My foray into minimalism
I want to make sure that I don’t come through as a fake as I write this post.
Minimalism, as a lifestyle, is not something that I have ever consciously aspired to. If anything, I would be closer to a Maximalist who believes in the “Life is too short, so, have a good time!” philosophy.
A true epicurean!
Though, I may not be ready to take it to the “Live rich and die broke” level.
For that matter, I was not quite sure what minimalism entailed.
Large white sparsely furnished spaces and artwork that show small objects on large canvases come to mind.
My curiosity was piqued when I looked up the profile of Tynan, a blogger that I occasionally read, and it said, “I only have one pair of pants and two shirts.”
It was clear that it was a choice that he had made and not one driven by the lack of money.
So, I decided to explore minimalism a bit more.
To say that interpretations vary, would be an understatement. There were people who sold or gave away their “things” to declutter their lives; people who could fit all their worldly possessions in a backpack; people who quit their jobs and took up nomadic lifestyles…
Mostly stuff that I could not relate to.
It appeared that minimalism did not always translate to “cheap.” On the contrary, some of the practitioners of minimalism left me wondering, if they were independently wealthy. The pursuit of quality vs. quantity appeared to be the underlying sentiment – be it things, jobs, relationships, etc.
Then I stumbled upon a question that I could finally relate to but did not have an answer for:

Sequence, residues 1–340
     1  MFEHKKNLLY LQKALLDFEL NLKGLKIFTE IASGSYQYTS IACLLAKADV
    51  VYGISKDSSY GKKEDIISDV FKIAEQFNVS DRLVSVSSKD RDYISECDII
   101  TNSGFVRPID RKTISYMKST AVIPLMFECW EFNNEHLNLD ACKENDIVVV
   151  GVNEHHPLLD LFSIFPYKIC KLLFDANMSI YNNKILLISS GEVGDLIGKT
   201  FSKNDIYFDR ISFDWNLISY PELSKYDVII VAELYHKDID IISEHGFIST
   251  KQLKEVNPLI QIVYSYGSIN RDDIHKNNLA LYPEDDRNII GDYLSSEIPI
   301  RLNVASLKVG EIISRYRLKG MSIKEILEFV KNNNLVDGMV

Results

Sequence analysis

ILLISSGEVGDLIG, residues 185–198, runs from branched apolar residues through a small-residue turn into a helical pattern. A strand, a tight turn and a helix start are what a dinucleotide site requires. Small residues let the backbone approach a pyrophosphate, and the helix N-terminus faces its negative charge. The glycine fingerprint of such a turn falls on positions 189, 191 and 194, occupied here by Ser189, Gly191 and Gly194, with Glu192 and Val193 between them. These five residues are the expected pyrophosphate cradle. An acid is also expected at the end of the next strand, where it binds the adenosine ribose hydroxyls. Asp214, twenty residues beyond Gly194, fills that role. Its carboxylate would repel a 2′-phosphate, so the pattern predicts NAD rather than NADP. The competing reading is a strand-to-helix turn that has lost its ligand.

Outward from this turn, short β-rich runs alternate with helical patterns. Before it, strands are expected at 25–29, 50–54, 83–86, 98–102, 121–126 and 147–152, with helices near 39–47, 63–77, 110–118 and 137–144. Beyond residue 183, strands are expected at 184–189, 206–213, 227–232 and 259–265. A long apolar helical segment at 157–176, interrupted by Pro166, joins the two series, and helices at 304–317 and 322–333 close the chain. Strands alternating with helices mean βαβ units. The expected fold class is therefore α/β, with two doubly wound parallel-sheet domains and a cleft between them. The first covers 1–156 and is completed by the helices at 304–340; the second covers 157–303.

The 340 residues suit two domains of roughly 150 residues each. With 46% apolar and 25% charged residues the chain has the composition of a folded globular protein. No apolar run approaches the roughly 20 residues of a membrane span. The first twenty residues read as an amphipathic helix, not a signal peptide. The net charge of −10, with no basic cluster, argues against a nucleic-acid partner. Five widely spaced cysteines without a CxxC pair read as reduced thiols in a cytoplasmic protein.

“When do you know that you have enough?”
Not surprisingly, if you Googled this question, almost all the answers you get are related to money – enough money to retire; enough insurance etc. While the requirement of money is a no-brainer, I decided to explore other aspects of “enough” as it pertains to a minimalist lifestyle to see how I compared.
Do I have enough home?
I would say, yes. Having sold my house and moved to a condominium, I seem to be on the right track here. In case you are wondering, I have no plans to sell my house and hit the road or join a monastery, yet.
Do I have enough car?
“Yes,” to that too. Though I had no minimalistic intentions while replacing our gas guzzlers for hybrid cars, I will take an “X” on that box.
As I went through a mental list of “do I have enough?” that covered food, clothes, furniture, artwork, etc., I stopped at electronic gadgets.
Do I have enough electronic gadgets that make me happy?
Sheepishly, I have to admit that I have more gadgets than I need, or have a use for.
I have an opportunity to take my first step towards minimalism – declutter my tech junk draw.
But then, why would I give these things away? I have been holding on to them “just in case” I needed them in the future. Not to mention the fact that I paid good money for some of it.
So, I read more about the virtues of decluttering – selling or donating stuff that you don’t need.
I got more questions back.
Are the things that you don’t need – in my case, old smartphones and other mobile gadgets – adding value to my life and making me happy?
The answer was a resounding “no,” they are sitting in a draw and certainly not adding any value or happiness to my life.
Could these things potentially add value to someone else’s life, or make them happy?
I had to reluctantly admit that it potentially could bring happiness to someone else.
Then, why not give it to them?
I was stumped. The logic made sense.
There is something liberating about being able to let go, even when they are only old iPhones that you no longer use.
The feeling of enough!
So, I have decided to give away a few gadgets that I have not touched in over a year.
My first foray into minimalism…
So, do you think that there is merit in minimalism? Click here to add your comments.